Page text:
Friday, July 15, 2011

Money supply growth alert (cont.)



Over the most recent two-week period, the M2 measure of money supply has surged by $165 billion. Such rapid and sizable growth is highly unusual, and has happened in the past only during periods of panic-driven demand for cash liquidity (e.g., following 9/11 and in the wake of the financial market panic of late 2008). As I noted in my first post on this subject, normal M2 growth would be about $10 billion per week. From the Fed's data, we see that about $100 billion of this growth has come from increased savings deposits at commercial banks, $55 billion has come from increased demand deposits, and all the growth has occurred in the non-M1 portion of M2. What's going on? It's tempting to think that this is somehow a reflection of the end of QE2 and the beginning of Treasury's need to juggle funds since the debt limit is approaching, but I honestly don't know. Stay tuned.

UPDATE: (Aug. 4th) It now appears that this surge in M2 was the product of panic-driven demand for safe-haven cash as Europeans attempted to escape the potential contagion of PIIGS defaults.

9 comments:

brodero said...

Scott...I think that is a good guess...debt limit machinations...

PerformanceSpeaksForItself said...

Take a look at MZM (M2 - small denomination time deposits + institutional MMF)...maybe just a move away from yield-chasing in the Euro-zone?

Fullcarry said...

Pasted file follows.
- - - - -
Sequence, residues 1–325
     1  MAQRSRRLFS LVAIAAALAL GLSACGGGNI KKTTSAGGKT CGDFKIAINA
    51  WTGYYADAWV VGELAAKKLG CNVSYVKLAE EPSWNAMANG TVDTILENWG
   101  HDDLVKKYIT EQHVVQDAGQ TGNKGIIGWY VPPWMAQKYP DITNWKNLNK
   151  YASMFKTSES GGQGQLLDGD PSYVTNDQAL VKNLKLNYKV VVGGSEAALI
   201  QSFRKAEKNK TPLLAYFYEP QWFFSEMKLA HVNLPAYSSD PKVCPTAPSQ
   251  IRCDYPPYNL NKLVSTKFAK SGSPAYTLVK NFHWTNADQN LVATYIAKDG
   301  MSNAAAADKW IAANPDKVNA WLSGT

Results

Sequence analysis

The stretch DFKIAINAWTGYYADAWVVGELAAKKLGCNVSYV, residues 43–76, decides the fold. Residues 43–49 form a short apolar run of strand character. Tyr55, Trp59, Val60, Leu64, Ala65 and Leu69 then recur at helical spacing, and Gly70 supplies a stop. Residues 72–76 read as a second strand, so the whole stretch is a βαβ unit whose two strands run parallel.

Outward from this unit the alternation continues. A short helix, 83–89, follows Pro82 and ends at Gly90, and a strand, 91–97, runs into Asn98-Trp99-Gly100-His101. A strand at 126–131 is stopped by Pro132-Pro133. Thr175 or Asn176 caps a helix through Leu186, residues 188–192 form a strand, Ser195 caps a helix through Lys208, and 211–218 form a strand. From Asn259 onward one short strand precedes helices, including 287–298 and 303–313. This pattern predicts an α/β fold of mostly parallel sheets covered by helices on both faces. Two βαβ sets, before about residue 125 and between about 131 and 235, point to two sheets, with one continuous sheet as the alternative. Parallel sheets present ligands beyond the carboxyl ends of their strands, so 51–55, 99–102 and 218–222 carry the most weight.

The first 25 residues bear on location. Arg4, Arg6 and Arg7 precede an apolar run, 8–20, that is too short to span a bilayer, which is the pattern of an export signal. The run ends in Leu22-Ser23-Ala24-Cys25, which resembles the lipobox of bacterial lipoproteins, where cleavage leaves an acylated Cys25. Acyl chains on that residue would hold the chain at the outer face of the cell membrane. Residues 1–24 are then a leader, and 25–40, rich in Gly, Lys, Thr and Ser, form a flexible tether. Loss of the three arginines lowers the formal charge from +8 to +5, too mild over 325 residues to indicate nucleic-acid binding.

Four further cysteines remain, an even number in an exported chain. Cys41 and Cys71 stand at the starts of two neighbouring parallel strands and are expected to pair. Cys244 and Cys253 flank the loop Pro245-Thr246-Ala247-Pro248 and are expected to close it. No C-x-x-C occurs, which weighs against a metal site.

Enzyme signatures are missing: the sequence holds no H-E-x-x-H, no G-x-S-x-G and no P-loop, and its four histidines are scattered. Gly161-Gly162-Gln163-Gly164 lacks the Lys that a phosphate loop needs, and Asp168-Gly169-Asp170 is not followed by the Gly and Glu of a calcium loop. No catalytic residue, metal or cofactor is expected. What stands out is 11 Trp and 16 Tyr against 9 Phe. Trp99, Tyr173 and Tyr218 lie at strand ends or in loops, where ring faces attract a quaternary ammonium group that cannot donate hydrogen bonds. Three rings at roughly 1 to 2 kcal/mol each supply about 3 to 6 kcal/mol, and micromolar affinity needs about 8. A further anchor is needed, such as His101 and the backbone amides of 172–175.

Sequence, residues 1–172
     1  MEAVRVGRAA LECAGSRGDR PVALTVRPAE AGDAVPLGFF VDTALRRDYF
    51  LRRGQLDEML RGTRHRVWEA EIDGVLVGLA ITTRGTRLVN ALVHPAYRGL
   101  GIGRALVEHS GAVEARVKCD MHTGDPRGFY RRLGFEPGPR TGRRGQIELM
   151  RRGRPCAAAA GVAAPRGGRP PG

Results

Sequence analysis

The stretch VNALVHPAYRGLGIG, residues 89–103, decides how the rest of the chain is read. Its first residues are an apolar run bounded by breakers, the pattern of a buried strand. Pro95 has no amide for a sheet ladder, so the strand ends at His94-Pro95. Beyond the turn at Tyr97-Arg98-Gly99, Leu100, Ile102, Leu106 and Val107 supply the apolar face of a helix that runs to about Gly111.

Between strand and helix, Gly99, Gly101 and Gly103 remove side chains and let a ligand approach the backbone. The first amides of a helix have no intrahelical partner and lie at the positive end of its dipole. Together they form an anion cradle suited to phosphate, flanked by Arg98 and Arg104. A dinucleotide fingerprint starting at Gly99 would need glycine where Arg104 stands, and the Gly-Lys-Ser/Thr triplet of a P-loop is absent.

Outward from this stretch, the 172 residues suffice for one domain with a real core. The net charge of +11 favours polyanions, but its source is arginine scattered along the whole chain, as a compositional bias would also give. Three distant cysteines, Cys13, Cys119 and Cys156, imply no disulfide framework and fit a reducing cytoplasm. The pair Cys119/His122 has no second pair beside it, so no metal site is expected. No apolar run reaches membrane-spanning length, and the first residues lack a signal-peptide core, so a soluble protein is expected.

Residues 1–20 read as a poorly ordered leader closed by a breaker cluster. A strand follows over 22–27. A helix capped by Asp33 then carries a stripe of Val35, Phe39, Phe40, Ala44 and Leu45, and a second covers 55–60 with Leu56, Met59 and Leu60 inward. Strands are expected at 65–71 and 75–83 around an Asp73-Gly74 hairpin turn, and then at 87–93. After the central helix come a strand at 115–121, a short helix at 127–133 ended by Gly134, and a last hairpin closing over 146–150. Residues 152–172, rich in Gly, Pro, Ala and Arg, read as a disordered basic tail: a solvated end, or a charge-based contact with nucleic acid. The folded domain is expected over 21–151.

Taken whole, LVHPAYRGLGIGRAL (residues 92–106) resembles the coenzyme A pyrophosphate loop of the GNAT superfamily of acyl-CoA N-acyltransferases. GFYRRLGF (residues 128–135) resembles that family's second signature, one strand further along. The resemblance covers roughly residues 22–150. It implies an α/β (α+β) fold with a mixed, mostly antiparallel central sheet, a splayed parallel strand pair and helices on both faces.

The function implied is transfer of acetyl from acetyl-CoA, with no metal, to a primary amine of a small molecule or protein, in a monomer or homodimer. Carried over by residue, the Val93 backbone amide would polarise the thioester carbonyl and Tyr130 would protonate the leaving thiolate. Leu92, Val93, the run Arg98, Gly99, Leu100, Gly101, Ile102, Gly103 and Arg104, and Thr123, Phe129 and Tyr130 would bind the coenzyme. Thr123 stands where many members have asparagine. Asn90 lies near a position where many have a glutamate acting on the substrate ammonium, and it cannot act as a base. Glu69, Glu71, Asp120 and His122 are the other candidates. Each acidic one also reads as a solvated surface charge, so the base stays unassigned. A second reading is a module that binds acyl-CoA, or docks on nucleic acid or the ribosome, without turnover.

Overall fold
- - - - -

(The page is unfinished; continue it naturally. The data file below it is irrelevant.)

Mr Grannis,

I will continue to make excuses for this run up in M2. But I am pretty sure the increase in M2 is about what you suggested in your post. End of QE2 and the debt ceiling problems are leading to an increase in demand for FDIC insured deposits. The spread between General Collateral and Fed Funds also give me confidence that is the case.

Benjamin said...

Let's hope some of this supply gets spent, and into the real economy.

SDW11 said...

Not sure, just a guess, but could it be a last surge of non-banks selling USTs to the Fed before the end of QEII?

SDW11 said...
This comment has been removed by the author.
Flow5 said...

ZEROHEDGE: Stone McCarthy explains M2's surge is due to: "the REPEAL OF REGULATION Q WHICH HAS RESULTED IN A SURGE IN SMALL TIME DEPOSITS INCLUSIVE OF MONEY MARKET DEPOSIT ACCOUNTS...coupled with an ACCELERATING SHIFT OF DOLLAR DEPOSITS BACK TO BANKS DOMICILED IN THE US."

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Reg Q removal backfired? Confusing to me because DDs have 10% reserve requirement whereas MMDAs don't. But then confirmation is that required reserves just exploded.

Flow5 said...

“REPEAL OF REGULATION Q (explained here) WHICH HAS RESULTED IN A SURGE IN SMALL TIME DEPOSITS”
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If the effective date of the repeal is July 21, 2011, how can any substantive deposit shifts already be in place?

Flow5 said...

PerformanceSpeaksForItself:

Institutional MMMFs aren't classified in M2. IO MMMFs withdrawals could account for 40% of M2's rise.